While at UW, Kail landed an internship at the Children’s Miracle Network, the charity spearheaded by singer Marie Osmond and actor John Schneider. At 21, Kail designed a two-page spread that appeared nationally in USA Today to promote the network’s telethon.
From there, Kail wrote articles and did public relations for members of the Wyoming Legislature, before taking an extended break to raise two daughters.
That experience in Cheyenne has helped her at PBS, because 40% of the network’s funding comes from state lawmakers. Another 37% is provided by the Corporation for Public Broadcasting, while the balance comes from individual and corporate donations.
In mid-2017, Kail landed the job at the Wyoming PBS Foundation. A few years later, then-CEO Terry Dugas asked Kail about her career aspirations. Kail didn’t hesitate to share her goal: “Your job.”
It was the response Dugas, who was eyeing retirement, had hoped for. And it set Kail on a path that would lead her to the C-suite.
Colleagues and friends say Kail’s personality, drive and desire to tell stories have boosted Wyoming PBS.
“She’s a very creative individual,” said Emy diGrappa, executive producer at Wyoming Humanities, which has funded several PBS programs. “Her personality is very open. She’s no wallflower. She wants to get to know others, and she’s warm and approachable. But mostly, she’s always thinking about what stories in Wyoming need to be told, what’s the next big idea she can explore.”
DiGrappa said Kail also excels at the corporate side of the public broadcasting business.
“She’s very successful at getting really big donors involved and engaged,” she said. “A lot of CEOs don’t have the skill set to build true relationships around what they want funded. For Joanna, it’s always ‘What is the project and what is its purpose?’ She connects people to specific projects they care about. To do that well, she does a lot of homework and she listens.”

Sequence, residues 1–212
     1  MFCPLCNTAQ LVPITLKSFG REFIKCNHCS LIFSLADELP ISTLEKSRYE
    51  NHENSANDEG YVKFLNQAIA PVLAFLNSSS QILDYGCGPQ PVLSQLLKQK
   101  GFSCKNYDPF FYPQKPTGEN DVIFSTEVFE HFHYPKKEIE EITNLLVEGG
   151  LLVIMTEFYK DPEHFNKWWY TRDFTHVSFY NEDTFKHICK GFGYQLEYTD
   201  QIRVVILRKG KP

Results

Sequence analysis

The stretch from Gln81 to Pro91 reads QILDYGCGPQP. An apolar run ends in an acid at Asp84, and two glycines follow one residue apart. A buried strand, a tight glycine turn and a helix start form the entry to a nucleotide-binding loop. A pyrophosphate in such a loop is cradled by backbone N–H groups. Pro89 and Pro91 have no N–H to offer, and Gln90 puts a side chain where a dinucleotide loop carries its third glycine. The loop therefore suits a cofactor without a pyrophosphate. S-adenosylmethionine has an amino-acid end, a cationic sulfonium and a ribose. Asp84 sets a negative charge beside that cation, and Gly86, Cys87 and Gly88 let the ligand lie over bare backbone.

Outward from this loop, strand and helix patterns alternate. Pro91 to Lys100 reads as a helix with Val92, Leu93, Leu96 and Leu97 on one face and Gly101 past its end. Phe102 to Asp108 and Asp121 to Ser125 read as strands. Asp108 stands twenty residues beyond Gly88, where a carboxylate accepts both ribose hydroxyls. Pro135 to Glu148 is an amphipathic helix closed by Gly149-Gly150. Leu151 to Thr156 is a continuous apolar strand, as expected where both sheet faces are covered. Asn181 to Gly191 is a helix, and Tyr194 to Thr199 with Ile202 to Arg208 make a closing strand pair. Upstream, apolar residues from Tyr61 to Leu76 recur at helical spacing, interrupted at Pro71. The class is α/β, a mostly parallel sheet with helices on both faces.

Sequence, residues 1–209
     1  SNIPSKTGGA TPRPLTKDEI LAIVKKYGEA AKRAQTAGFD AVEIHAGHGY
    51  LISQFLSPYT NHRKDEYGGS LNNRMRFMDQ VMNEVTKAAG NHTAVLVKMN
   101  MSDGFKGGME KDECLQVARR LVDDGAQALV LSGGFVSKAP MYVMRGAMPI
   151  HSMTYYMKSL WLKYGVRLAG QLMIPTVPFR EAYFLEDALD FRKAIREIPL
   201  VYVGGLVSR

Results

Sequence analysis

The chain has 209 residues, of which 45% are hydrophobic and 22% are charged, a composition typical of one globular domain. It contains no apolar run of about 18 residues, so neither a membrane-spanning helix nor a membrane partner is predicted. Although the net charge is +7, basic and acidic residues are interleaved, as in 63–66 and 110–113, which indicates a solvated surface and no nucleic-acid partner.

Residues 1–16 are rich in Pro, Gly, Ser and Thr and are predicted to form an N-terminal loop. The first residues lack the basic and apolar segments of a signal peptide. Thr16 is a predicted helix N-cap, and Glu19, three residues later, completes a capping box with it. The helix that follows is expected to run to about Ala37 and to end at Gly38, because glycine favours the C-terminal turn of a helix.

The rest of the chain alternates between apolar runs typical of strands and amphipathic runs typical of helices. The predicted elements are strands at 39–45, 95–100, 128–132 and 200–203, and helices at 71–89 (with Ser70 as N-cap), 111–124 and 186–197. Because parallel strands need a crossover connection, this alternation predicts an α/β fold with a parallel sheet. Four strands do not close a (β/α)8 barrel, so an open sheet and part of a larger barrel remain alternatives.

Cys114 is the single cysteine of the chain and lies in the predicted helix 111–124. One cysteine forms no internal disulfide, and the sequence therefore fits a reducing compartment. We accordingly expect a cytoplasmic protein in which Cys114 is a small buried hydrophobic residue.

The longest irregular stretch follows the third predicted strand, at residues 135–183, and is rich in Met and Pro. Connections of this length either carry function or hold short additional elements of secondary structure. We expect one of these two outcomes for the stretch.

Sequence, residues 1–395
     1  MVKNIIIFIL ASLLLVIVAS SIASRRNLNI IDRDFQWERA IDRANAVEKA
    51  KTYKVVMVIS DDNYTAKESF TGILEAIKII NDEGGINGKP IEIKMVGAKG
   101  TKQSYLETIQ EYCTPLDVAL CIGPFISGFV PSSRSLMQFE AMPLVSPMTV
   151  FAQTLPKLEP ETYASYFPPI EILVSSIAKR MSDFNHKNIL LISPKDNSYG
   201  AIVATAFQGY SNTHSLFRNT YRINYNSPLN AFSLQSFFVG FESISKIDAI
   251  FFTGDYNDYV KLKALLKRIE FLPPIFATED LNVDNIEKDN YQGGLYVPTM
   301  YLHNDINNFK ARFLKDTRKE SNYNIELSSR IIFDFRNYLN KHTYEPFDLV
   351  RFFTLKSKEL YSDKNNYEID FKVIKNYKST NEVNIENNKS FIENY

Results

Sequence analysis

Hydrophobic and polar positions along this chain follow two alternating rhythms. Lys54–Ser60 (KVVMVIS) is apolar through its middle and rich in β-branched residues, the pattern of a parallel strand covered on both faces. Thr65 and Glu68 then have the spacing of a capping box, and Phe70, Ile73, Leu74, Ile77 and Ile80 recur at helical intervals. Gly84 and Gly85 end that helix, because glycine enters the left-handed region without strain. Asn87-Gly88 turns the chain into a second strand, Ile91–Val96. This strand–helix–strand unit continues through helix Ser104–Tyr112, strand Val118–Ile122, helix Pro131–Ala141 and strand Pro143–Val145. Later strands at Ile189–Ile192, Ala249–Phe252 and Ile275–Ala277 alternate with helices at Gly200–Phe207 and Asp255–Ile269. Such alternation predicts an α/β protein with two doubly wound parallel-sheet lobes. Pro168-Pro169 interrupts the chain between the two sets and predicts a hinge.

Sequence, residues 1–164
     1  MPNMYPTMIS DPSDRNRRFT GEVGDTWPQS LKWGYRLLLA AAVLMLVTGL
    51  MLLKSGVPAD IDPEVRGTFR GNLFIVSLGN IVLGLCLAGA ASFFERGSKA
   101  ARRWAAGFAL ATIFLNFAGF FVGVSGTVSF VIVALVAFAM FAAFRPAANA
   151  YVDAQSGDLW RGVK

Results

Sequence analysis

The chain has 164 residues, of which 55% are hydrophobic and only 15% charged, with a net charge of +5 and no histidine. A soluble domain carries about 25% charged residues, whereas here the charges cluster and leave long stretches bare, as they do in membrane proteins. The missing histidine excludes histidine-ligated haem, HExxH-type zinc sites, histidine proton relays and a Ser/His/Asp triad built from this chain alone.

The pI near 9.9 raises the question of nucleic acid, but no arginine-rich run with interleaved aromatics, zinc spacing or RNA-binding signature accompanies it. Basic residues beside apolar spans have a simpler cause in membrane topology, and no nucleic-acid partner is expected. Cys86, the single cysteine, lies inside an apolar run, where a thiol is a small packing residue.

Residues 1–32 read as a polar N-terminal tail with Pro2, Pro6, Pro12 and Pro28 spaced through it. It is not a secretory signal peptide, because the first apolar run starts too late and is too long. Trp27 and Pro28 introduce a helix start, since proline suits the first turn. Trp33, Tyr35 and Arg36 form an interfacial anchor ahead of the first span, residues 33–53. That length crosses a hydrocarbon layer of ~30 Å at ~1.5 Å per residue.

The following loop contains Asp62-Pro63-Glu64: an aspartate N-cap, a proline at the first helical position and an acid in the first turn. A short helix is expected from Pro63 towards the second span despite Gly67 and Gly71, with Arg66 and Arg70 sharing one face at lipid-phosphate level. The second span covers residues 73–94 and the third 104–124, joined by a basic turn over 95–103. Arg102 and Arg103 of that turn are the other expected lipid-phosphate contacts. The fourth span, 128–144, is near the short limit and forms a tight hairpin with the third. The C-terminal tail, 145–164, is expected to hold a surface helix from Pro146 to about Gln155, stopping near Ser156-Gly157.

And while Kail has earned kudos for her work at PBS, she said her family – Jared and two daughters, both in college – remain her greatest accomplishment.
“I want my kids to be in a position to succeed; that’s the most important thing for me,” Kail said.
DiGrappa said Kail’s ability to balance work and family life is “inspirational.”
“Joanna is very self-motivated and driven, but when it’s family time, she puts that down and focuses on them,” she said. “That’s a real skill.”
Still, Kail acknowledges the responsibility that comes with leading the PBS network in Wyoming and the platform it provides. Moving forward into 2024 and beyond, Kail said she wants to spread Wyoming stories beyond state lines.
“Wyoming is not like any other state. It’s unique in a good way,” she said. “People outside of Wyoming need to see who we are. That’s my goal.”
She also hopes to use PBS to educate residents and further internship and mentoring opportunities for students.
To achieve her primary goal, Kail wants to tell more stories.
“I was raised in Wyoming, and I have a passion for this state,” she said. “I see Wyoming PBS as an opportunity to foster and tell more of the aspects of the culture and history here. That’s our future.”